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Archive for October, 2010


One of the first things a new clinical rotation does to you is create a sense of anxiety. It seems like you don’t know anything (this is only me, after all, what do I know?). Reading stuff in a text book is WAY diferent than confronting a patient face-to-face. Each knock at the exam room door before you enter has a particular uncertainty to it. What will you see on the other side? Will the parents be nice, or look at you with that look that says “Not only are you not a doctor, but a student nurse practitioner”? Will the problem be obvious, or will it be one of those times where the diagnosis could be one of a dozen options, for example: rash or a fever? Can I maintain the professional persona, or will I melt into a blithering idiot?

I have to do what I told my LPN students when I first took them into a clinical: “You have done all of this in lab, just go in there and pretend you have done it a million times already, just act professional and you will feel professional.” Ha!, Those words are haunting me now!

A few weeks ago (my excuse for this story is that it happened early in the clinical rotation, I never panic now…….really, never) I got a patient with a presenting complaint of high fever for several days, recorded around 103+ by Mom.  I knocked on the exam room door with my stethoscope draped around my neck and Miss Brightlight clutched in my hand, and entered. The mom was sitting in the chair with her three-year-old across her lap. He looked very pale, his eyes were closed, and there was no reaction to me entering the room and introducing myself. Mom and Dad looked at me expectantly. The child was limp, his arms and legs just dangled, his head hung over his mom’s arm. “He has been so sick! He hasn’t eaten or had anything to drink all day. We are so worried.” The child didn’t move. I panicked.

“I’ll be right back,” I told them and got my preceptor. “This kid is really sick! He just lays there, he is pale and looks terrible.” My preceptor asked me “Did you try to wake him up?”……….Oh………..Duh.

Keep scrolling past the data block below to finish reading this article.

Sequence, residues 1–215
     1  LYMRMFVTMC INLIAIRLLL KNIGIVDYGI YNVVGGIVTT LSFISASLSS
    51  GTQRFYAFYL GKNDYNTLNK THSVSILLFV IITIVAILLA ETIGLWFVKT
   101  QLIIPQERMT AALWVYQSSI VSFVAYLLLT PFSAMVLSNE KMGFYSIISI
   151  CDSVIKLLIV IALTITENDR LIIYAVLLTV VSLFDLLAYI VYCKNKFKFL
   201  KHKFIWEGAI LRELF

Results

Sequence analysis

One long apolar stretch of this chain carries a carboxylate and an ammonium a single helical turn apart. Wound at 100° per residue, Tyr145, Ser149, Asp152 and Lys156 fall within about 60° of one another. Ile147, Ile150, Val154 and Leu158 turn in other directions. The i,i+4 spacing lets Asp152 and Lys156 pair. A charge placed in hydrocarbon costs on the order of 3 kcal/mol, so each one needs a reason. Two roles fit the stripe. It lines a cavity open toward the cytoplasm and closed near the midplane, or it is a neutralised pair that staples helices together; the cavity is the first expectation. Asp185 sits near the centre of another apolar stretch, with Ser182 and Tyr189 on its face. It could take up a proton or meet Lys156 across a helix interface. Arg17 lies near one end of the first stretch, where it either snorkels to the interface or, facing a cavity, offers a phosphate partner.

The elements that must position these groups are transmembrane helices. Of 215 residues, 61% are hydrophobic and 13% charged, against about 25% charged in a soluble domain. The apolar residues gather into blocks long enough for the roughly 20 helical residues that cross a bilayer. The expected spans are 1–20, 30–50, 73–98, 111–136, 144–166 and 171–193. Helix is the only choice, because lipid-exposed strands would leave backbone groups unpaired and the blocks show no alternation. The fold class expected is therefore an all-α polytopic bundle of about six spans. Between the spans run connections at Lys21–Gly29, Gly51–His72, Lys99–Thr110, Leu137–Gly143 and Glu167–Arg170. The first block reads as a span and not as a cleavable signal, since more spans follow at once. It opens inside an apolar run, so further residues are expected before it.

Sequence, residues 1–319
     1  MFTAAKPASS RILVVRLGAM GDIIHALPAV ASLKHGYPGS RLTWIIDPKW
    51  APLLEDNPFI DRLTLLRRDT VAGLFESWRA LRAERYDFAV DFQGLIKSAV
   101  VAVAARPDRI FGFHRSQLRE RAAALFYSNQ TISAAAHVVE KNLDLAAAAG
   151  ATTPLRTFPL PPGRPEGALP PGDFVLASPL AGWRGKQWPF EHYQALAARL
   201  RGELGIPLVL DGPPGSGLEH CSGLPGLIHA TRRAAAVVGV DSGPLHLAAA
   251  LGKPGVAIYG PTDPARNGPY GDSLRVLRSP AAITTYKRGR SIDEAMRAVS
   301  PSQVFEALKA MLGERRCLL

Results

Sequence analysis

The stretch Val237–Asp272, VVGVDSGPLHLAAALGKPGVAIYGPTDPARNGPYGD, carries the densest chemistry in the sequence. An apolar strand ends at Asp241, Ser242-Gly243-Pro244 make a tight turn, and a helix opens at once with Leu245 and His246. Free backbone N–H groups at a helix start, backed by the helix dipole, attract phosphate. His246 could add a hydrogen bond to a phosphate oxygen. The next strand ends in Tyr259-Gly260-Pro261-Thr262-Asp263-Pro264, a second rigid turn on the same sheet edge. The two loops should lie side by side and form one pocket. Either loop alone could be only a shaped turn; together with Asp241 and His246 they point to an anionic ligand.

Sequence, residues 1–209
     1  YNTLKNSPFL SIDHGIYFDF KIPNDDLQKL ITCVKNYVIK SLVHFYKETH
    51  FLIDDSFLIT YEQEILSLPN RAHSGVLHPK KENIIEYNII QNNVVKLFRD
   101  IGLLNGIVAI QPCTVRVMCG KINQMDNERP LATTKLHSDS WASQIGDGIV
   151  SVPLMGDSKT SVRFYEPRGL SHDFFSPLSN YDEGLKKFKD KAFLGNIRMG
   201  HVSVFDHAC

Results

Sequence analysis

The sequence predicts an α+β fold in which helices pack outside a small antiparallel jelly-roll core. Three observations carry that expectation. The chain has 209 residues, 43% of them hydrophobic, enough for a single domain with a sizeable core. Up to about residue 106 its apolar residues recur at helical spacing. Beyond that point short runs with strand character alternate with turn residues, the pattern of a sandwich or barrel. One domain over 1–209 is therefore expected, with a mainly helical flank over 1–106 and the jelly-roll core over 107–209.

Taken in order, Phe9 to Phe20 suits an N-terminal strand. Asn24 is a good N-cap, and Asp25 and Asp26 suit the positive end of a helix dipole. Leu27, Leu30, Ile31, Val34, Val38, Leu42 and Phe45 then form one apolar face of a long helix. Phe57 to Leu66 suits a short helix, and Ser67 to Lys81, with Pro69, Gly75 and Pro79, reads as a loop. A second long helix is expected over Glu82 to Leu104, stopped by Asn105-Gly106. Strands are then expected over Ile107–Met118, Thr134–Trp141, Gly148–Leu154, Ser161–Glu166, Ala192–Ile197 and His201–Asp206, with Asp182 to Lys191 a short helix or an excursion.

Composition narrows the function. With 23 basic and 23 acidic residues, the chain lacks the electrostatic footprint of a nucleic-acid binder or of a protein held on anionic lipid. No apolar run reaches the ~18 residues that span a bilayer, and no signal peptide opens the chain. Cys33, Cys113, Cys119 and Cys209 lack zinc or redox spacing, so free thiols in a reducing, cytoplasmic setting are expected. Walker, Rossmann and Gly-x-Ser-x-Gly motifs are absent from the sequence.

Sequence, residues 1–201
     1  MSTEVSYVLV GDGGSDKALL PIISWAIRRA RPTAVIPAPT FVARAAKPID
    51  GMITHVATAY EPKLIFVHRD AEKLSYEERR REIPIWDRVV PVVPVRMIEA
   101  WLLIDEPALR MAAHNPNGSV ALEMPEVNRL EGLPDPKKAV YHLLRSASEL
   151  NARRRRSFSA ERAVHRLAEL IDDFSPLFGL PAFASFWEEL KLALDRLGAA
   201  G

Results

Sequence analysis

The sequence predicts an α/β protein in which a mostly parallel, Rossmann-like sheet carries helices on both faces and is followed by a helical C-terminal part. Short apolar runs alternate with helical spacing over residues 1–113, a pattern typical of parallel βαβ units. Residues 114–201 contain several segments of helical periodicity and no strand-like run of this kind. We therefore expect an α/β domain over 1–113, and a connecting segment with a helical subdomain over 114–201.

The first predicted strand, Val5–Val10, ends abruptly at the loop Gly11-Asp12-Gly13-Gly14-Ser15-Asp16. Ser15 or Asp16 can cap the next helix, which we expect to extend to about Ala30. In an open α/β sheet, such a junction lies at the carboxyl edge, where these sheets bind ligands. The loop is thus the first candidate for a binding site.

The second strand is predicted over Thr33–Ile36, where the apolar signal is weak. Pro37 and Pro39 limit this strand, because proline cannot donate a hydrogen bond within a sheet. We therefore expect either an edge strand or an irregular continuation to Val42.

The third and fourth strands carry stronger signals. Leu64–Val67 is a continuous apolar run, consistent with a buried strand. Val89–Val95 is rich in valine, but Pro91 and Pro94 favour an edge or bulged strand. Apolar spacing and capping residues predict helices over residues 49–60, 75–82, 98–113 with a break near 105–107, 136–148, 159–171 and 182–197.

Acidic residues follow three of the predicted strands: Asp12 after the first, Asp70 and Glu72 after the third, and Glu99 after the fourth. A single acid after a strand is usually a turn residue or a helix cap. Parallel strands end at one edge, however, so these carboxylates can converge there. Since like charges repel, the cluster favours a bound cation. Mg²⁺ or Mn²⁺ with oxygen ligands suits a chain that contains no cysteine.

Needless to say, I went back in and asked mom to put the child on the table. He woke right up and was actually fine. Had a simple strep throat. I felt pretty stupid. My preceptor is an angel, she did not say a word, didn’t even smirk. I love her.

I poke them a bit before panicking now.

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Recently, one of my dogs kept getting a rash on his belly, in his armpits and under his chin. He kept rubbing his face on the carpet until he wore patches of hair off his ears and around his eyes. I was really puzzled by this, he never had any allergies before.

So, I put on my diagnostic hat and started thinking about it. The rash on his belly was red and especially bad under his armpits, the skin around his eyes looked atopic (like eczema) and it was all obviously itchy as he kept chewing at his feet and belly and rubbing on the carpet and shaking his head a lot. The rash was obvious as this dog always sleeps on his back…

Lookit my rash, mom!

I tried to think of what was new in his life recently…..food not changed, no new toys or treats…oh, yes, new treats. But, it seemed so local, this rash, only on his belly and face. Food allergies erupt all over. Flea allergies (not that he has any) show near the base of the tail. Then I noticed an area in the yard with a ground cover called Oyster plant, we had put it in recently and it was doing nicely. Hmmm….A little research on the internet, and I had the answer.

The culprit

Oyster plant, otherwise known as Moses in a Basket and Boatlily, or taxonomically as Tradescantia bermudensis, turns out to be poison ivy for dogs. I saw that the bed had been enthusiastically plowed in the hunt for lizards and other interesting little animals that Elwood loves to find. Too bad, the plant was so pretty and made such a good ground cover for the area. Oh well, the plants were dug out and tossed into the yard waste bin to be hauled away.

Maybe ferns would look nice in that particular spot, but, I wonder if little ferns are toxic to dogs. I will definitely look into it before planting them. Perhaps I should look up the other plants we have in the yard, too. You never know.

Elwood is doing fine after a short course of Benadryl.

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After a rough week of seeing multiple toddlers with nasal congestion (RSV, flu, common cold, allergies, sinusitis, ear infection, teething, strep?) or diarrhea/vomiting (viral gastroenetritis, flu, GERD, diet changes, constipation/impaction, rotavirus, food poisoning, etc, etc, etc) and trying to figure out the correct diagnosis with the variably accurate information we were getting from the parents, it seems a good time to give some hints.

Granted, my experience is rather limited, but some glaring issues came to light this week, as I struggled with a head cold myself (probably a gift from one of the snorky tots I saw last week) to do a good job of diagnosing the kids’ problems. There are so many options for even the simplest symptom, and if the diagnosis isn’t right, the treatment won’t be effective.